Plants 8 times more effective at reducing pollution than previously believed.

Both nitrogen dioxide (NO2) and microscopic particulate matter (PM) are taken up by plants in far greater quantities in “urban canyons” than what was believed.


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Real scientists say “don’t plant trees to close”

Scientific fodder in the fight against closely planted trees: apparently car exhaust gets trapped in the canopies of trees when they are placed in an “urban canyon” (rows of high buildings).

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Roots dictate: Size of pot = size of plant

Interesting implications for containerized trees:

“From their 3-D MRI root scans, the researchers observed that potted plants quickly extend their roots to the pot’s walls. It is likely that the plants use their roots to ‘sense’ the size of the pot, although the details of how the roots relay the message about the pot’s size remain the plants’ secret.”

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Role of Urban Greenery in CO2 Exchange Demonstrated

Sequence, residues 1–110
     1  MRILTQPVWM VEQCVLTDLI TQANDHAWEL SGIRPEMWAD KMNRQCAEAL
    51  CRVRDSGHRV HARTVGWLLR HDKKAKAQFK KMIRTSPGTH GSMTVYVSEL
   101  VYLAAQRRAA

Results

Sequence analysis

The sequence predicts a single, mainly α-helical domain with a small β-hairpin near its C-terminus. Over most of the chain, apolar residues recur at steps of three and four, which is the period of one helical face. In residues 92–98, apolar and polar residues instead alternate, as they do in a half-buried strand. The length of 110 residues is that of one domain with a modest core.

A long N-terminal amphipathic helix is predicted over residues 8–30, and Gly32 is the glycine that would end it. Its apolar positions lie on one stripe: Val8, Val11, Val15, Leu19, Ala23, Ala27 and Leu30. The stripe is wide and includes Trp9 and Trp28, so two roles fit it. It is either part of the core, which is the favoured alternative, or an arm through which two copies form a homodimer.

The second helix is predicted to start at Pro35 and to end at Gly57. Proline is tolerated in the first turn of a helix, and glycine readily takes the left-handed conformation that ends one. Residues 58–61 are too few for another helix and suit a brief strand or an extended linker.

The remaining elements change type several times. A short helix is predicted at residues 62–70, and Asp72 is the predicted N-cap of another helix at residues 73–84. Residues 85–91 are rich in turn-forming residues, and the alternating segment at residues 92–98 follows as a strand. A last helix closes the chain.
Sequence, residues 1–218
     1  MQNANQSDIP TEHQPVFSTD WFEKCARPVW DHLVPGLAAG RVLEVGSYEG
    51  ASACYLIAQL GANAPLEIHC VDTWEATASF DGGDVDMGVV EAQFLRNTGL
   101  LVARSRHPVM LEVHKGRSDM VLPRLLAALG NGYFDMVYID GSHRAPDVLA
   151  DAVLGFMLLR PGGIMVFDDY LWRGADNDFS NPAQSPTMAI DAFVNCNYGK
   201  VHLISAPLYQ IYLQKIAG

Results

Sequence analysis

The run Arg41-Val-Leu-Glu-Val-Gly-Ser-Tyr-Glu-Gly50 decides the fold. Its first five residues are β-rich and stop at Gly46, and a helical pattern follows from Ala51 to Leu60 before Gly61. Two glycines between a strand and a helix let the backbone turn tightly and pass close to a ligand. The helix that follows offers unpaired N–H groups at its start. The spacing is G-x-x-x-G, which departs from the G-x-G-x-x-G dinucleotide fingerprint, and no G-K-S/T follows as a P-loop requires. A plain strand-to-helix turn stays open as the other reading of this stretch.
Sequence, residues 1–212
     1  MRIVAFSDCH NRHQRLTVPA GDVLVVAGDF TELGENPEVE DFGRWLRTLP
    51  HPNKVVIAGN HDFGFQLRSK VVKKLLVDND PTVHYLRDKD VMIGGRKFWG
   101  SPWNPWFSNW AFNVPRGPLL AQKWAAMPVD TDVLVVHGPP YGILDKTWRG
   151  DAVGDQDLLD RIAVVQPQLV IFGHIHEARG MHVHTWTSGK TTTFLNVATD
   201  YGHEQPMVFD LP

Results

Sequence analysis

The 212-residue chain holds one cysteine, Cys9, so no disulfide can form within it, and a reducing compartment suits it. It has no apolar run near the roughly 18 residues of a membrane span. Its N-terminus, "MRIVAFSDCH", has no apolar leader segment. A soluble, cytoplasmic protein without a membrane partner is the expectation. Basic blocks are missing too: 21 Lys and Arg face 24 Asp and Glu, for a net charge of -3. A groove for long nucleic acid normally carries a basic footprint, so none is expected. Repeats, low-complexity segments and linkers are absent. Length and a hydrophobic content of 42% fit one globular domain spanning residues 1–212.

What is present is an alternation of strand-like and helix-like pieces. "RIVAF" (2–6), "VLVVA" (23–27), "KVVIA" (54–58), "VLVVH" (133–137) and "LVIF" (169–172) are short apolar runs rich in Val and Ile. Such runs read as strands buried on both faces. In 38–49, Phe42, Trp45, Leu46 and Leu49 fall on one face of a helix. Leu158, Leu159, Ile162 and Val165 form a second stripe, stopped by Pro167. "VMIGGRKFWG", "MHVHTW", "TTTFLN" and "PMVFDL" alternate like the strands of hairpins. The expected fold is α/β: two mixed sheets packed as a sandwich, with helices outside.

Interesting excerpts: 

“For nine months out of the year, the suburban landscape was a source of CO2 to the atmosphere; but during the summer, the carbon uptake by vegetation was large enough to balance out fossil fuel emissions of carbon within the neighborhood. Compared to the natural landscape outside the city, the peak daily uptake of CO2 in the suburbs would have been at the low end uptake for a hardwood forest in the region.

“Lawns’ peak carbon uptake occurred in the spring and fall, because they are made up of cool-season grass species that are stressed by summer heat,” said Peters, “while trees had higher CO2 uptake throughout the summer.” Evergreen trees maintained their CO2 uptake for a longer period of time than deciduous trees because they keep their leaves year-round; deciduous trees lose their leaves in fall and winter.”

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